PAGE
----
Commentary Magazine


Contentions

Working With the MEK is Bad Policy

Alana Goodman is correct to highlight the current battle between Attorney-General Eric Holder and a bipartisan array of prominent former U.S. officials who have accepted hefty honoraria from Mujahedin al-Khalq (MEK) front groups, even though the State Department lists the MEK as a terrorist group. While cultivating prominent endorsers is one front in the group’s public relations battle, the largest war – and the reason the MEK has spent millions on former American officials – is for their support in its battle to be delisted as a terrorist entity.

There is no doubt that in the past, the MEK engaged in terrorism against Americans and that it has embraced a fiercely anti-Western ideology. Proponents of delisting the MEK, however, argue that the group has not engaged in terrorism against the United States or its interests for decades. The State Department may eventually be forced by the letter of the law to delist the MEK. That does not mean the group is entitled to any American support.  The group’s culpability in recent terrorist attacks in Iran is murkier. Still, it would be a mistake to boil the MEK issue—and the question of U.S. support—down to the terrorism listing, however. Working with the MEK is simply bad policy.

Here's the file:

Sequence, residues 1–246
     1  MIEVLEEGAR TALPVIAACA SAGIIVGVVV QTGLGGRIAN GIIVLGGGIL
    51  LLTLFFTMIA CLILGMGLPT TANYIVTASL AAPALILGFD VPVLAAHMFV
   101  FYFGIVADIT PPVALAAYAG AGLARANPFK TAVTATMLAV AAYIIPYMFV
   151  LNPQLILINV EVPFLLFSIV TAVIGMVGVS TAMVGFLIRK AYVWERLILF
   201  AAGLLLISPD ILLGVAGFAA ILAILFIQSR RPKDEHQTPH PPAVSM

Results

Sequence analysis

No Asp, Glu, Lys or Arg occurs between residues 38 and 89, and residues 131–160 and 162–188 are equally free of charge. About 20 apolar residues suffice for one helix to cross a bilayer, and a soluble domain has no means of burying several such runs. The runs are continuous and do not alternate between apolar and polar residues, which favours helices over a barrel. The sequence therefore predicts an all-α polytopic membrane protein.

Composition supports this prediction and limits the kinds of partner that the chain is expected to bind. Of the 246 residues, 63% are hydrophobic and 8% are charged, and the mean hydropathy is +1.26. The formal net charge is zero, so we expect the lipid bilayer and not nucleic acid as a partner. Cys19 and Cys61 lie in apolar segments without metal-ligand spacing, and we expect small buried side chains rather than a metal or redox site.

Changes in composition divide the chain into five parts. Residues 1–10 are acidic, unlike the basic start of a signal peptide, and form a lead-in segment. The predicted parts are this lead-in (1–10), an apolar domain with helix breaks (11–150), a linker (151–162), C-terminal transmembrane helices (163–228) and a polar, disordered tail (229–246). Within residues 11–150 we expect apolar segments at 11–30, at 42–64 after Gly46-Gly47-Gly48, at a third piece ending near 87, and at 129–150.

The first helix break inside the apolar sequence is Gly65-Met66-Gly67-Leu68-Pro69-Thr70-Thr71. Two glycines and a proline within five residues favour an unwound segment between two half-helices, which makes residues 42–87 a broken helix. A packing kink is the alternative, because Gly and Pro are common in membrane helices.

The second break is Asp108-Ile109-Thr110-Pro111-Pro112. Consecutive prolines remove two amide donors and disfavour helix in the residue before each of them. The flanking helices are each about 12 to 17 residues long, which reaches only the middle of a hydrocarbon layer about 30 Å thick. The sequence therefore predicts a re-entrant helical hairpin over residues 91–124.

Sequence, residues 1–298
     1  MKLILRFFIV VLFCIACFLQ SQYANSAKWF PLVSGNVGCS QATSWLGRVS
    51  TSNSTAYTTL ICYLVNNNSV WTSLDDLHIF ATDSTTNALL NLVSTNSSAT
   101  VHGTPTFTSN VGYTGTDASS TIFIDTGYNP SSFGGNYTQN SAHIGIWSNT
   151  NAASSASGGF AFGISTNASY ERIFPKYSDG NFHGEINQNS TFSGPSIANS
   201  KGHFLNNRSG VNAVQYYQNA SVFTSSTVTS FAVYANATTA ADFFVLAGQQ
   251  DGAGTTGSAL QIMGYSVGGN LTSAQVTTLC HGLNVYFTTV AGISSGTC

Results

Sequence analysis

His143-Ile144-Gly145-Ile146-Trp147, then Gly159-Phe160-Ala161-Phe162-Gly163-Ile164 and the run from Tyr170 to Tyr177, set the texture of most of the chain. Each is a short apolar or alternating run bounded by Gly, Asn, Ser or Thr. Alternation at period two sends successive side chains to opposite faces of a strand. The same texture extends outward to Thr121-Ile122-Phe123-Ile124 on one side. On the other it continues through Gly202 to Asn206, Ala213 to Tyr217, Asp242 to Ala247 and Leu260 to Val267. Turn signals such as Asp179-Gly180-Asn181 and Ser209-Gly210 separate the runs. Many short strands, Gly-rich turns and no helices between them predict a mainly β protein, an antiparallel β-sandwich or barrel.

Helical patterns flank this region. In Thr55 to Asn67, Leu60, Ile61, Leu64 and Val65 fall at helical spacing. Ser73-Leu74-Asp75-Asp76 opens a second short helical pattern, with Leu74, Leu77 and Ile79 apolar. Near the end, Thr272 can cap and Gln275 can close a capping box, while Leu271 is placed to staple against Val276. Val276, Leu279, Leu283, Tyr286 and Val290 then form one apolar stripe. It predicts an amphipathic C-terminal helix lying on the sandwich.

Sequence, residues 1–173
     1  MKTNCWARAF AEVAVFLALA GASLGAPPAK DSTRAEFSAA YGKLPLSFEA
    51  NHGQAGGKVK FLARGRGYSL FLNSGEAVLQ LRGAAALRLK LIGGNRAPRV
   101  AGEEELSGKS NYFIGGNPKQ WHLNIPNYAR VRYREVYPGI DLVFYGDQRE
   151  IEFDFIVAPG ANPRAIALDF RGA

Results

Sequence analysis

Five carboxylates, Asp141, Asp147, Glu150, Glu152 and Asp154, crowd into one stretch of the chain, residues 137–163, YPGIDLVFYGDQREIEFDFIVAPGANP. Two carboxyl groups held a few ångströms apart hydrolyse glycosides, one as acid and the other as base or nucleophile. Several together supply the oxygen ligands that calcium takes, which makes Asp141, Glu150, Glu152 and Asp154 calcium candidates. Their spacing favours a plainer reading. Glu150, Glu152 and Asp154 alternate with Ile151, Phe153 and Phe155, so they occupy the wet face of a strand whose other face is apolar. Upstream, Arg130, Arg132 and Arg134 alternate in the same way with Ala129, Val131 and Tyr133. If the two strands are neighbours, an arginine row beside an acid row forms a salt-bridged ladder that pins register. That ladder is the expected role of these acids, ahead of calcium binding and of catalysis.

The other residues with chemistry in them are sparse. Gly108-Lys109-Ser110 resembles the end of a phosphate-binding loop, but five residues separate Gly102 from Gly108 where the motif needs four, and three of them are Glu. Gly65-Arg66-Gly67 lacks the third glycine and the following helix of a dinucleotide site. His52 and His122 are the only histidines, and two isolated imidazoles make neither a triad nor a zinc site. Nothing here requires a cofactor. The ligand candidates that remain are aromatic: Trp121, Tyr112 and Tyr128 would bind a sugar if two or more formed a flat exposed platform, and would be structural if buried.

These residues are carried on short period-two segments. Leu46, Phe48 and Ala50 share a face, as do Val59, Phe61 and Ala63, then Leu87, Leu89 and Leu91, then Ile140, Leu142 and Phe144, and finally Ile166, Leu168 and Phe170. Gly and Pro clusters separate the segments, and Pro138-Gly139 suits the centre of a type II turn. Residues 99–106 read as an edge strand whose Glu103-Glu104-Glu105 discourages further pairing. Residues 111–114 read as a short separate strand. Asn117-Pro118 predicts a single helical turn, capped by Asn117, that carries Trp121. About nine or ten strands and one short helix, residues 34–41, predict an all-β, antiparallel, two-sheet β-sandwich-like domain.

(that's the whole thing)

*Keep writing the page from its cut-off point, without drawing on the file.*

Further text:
Military action against Iran would delay the program only by a few years. True, the same estimate was made before Israel’s strike on the Iraqi nuclear reactor and Saddam Hussein never managed to rebuild his program, but it would be foolish to assume the same would occur. After all, the Iranians will not be stupid enough to invade Kuwait.

The problem in Iran today is not simply the regime’s nuclear ambitions, but rather the regime itself. To use the military to delay Iran’s nuclear program—effectively kicking the can down the road—would be an irresponsible use of the military unless there is a policy in place to take advantage of the time won in any strike.

The problem with those who would embrace the MEK is that it would undercut the chance for regime collapse. To ally the United States with the MEK would be as shameful as President Obama’s moral inaction during the 2009 protests.

Iranians living under the regime’s yoke hate the MEK. That is not regime propaganda; it is fact, one to which any honest analyst who has ever visited Iran can testify.  Ordinary Iranians deeply resent the MEK’s terrorism, which has targeted not only regime officials, but also led to the deaths of scores of civilians. During the Iran-Iraq War—a conflict that decimated cities and led to tens of thousands of civilian deaths—the MEK sided with Saddam Hussein. No Iranian will ever forgive that treason. Iranians see the MEK in the same manner that Americans view American Taliban John Walker Lindh.

If the MEK is delisted, let the MEK celebrate. But whether listed as a terrorist group or not, it would be wrong and counterproductive to embrace the group unless, of course, the goal of those for officials on the group’s payroll is simply to aid the current regime in its efforts to rally its subjugated masses around the flag.